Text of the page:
Interview with Dr. Wailani Sung, MS, PhD, DVM, DACVB
[PupPod] Tell us about yourself and your practice.
[Dr. Sung] My name is Wailani Sung. I am a veterinary behaviorist. That means I have a board certification in animal behavior. I'm a veterinarian and have also done a behavior program and have a doctorate in animal behavior - a psychology degree. My practice treats primarily dogs and cats and other animals with behavioral issues. Not just lack of obedience, but things like aggressive behavior, anxiety, for cats...not using the litter box or aggression toward the owners or other cats, rabbits not using the litter box or aggression towards people in the family, birds for attention seeking behavior, feather picking, aggression toward the owner, so a wide variety of behavior problems.
[PupPod] What are your thoughts on PupPod?
[Dr. Sung] I think PupPod is a super interesting toy and concept. I think it's a good tool. Not just a toy but a tool to help keep our dogs mental active and physically fit. I think that the varying levels are really interesting because it kind of helps you determine how smart your dog is. I think some dogs, just like people, learn at different rates. Some dogs get some concepts and some dogs don't. I think it's really interesting to have your dog play it and figure out, can they learn? Because you start off very simple, with simple levels and then you have some associations they have to figure out. And then as they get more advanced. So it engages them mentally, physically and it can help determine their problem solve ability. So I think it's really interesting and amazing to see my dogs do it. One of my dogs that I thought was really smart, wasn't as smart as I thought. And the other one who I thought was not as brilliant, was really focused on the toy and he did perform a lot better than I anticipated. So it was very interesting, the insight, on our dogs and how they think and react to problems.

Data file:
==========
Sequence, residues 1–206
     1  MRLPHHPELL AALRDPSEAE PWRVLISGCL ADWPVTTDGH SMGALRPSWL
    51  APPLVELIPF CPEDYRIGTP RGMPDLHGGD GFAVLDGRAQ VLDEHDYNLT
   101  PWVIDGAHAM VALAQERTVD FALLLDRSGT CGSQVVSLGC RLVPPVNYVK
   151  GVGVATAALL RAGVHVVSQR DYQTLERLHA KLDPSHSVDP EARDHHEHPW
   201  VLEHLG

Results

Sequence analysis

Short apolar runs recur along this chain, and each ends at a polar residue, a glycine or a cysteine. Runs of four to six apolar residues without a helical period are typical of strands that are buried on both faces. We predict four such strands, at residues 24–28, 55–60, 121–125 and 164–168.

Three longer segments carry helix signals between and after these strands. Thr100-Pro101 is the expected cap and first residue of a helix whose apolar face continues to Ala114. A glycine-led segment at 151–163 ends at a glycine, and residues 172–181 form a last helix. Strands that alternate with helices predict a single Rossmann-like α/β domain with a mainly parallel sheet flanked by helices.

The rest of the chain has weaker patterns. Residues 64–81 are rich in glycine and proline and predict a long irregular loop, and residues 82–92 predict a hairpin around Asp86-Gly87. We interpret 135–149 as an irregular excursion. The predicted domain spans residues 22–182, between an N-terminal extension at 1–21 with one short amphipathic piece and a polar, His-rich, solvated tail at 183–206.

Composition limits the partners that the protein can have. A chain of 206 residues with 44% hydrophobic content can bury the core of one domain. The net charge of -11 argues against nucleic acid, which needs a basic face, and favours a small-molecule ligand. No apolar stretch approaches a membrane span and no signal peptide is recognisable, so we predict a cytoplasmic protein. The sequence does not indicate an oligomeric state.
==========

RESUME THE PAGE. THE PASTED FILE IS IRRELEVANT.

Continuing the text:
[PupPod] Are there behavioral problems that run across with your clients that you think PupPod might help with?
[Dr. Sung] Well I think PupPod can help with providing them with a lot of mental stimulation and physical activity. We have a lot of dogs in veterinary medicine alone that over eat. They inhale their food and if you look in the pet stores, there are tons of products out there like slow blows, different types of interactive feeders. So with PupPod, they can mentally work their brains and physically work and help slow down their eating, help increase their physical activity, and also give them something to do. If your dog eats his food in 2-seconds and with PupPod it take 15 or 20 minutes, then that dog spends a lot more time working on their food vs another 15-20 minutes being worried or being pre-occupied or being destructive. So I think it's really helpful for any pets with behavior issues.
[PupPod] Do you regularly recommend puzzle toys? How big of a part of your practice is that?
[Dr. Sung] Oh, I recommend puzzles for everyone. I don't think dogs should be fed in bowls. I always recommend 2 or 3 puzzle toys for meals so the dog spends 10-20 minutes working on puzzle toys for meals because then they are more mentally active, they think about things. And I think if you see your dog play with them, I think a lot of dogs get really excited about it. Rather than inhaling their food and their done, they spend 15-20 minutes really enjoying what they are doing.